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I generally get 39 mpg on my 2004 speedmaster no matter what kind of driving I do. I use premium gas (92 octain) and try to buy Shell or second choice is Amoco/Exon. I use Seafoam every two or three tanks (2 oz per gallon) and lube my chain about every 4-500 miles, right after a ride, so it soaks in over night. I use a little 2.5 ton floor jack under the frame right in front of the rear tire and lift the rear a hair off the ground so I can turn it. I mark a spot on the tire with white chalk so I know when I have made a complete revolution and oil from the inside of the chair so when I ride next, centrifical force causes the chain lube to move through the chain from inside to outside both lubing the chair and pushing the dirt and old lube out.
When you check your mpg, always start with a full tank and then when you refill, that is the amount you used, not the size of the tank. Miles divided by amount used= MPG.
 

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i generally get between 45 an 52 miles to the gallon. when i ride with the RAT group i usually stop for gas with the others. this why i have not been in a hurry to mess with the bike. the bike will run all day with the sport bikes . it doesn't bother me that i don't have to work on the bike a lot . i would rather ride. i also would rather enjoy the scenery and she does the twisties rather well.... i have grown enough to know when i have a good thing.. LOVE THAT BIKE! :cool:
 

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I never seem to run out before 140 but the road network I'm on is well designed so as not to be too conjested. I've also done just a little bit to my bike which allows it to breath better. I'm also just getting the pilot air adjustment screw settings about right which again makes a lot of difference to fuel consumption. While I'm at it, does anyone know for certain the best octane level for our bikes? My research suggests the higher the octane the more miles (k's in Aus) I get out of a tank. In other words, more bang for your buck. ?????
 

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i have been getting about 48 npg on my 04 america. i dio run 91 octain in it. i put about 10,000 miles on it it 1.5 years. seems to be getting better as it ages. me too!!!!!!!
 

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Just got back from Bike Week in Daytona - you should all go if you haven't! I have an 06'America with 4,200 miles. We ran on average of 150 miles a day, some at 75-80 on the Interstate, some on small highways at around 60, and some in heavy, heavy, congested traffic. I started to run out consistently right at 135-140 miles. each time, I averaged 42 with the mixed driving. I do have TORs and rejeted carbs, and I put an 18 or 19 tooth sprocket (can't remember). The larger sprocket does help drop the RPM's on the road and will help your mileage. You can hear the difference.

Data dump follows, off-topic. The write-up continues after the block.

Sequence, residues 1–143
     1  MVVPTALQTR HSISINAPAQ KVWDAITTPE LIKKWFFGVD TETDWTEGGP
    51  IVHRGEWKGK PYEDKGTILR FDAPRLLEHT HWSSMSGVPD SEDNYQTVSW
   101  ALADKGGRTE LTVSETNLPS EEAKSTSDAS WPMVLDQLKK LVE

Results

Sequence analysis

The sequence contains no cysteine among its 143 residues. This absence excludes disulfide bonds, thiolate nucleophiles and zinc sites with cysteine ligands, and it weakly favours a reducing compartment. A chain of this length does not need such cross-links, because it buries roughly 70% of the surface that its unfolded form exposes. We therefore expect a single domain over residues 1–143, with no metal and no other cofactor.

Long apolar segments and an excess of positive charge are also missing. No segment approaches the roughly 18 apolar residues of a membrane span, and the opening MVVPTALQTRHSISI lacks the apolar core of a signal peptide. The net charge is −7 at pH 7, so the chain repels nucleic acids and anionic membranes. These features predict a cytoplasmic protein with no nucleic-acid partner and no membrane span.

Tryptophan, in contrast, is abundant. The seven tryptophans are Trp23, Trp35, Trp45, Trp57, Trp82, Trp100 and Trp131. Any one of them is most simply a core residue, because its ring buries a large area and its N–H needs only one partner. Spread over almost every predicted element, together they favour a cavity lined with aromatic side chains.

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as far as octane, its not more bang for the buck, really.
the bikes call for 89 octane, so to use a higher octane than that is just a waste of your money.
to use less than 89 octane wouldnt be good
G
 

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Now for the rest of the story. only about half the reserve is available till you lean the bike way over on the left side. there is a large ridge down the center of the tank that seperates the left side where the fuel valve is, and the right.
I just found that out yesterday at 6:30 am on the Kansas turnpike with a lot of 70 or so trafic roaring by me in the dark.
cliff
 

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I was trying to recall what the sales man told me when I bought my 06 speedy and I thought he told me to use the 87 octane. I have been running about 120-140 on a tank.

My question after reading the other posts is this: Should I be running my tank down into reserve? I usually try to fill up around 100-110. I don't want to get stuck on the turnpike, been there done that.

I feel your pain.


John
 

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Be sure you fill the tank EXACTLY the same each time too. Thats hard to be sure of, but if you don't it will throw your results off. And use the same station/same pump each time.
You might also want to try a set of iridium plugs. NGK model# DPR8EIX9. Anything that makes more power from a given amount of fuel will help mileage, and while some don't notice it, i notice a definite small gain in power with them. Enough that for that reason alone they're worth it to me. You may or may not notice it, but i know they do and i would say you will likely get another 1-3 MPG. (if i recall i got 2 MPG more) Even if you don't notice anything at all at least you'll have plugs who's gaps will stay the same for a extremely long time and probably last as long as you have the bike ! $15-20 a set but IMO well worth it.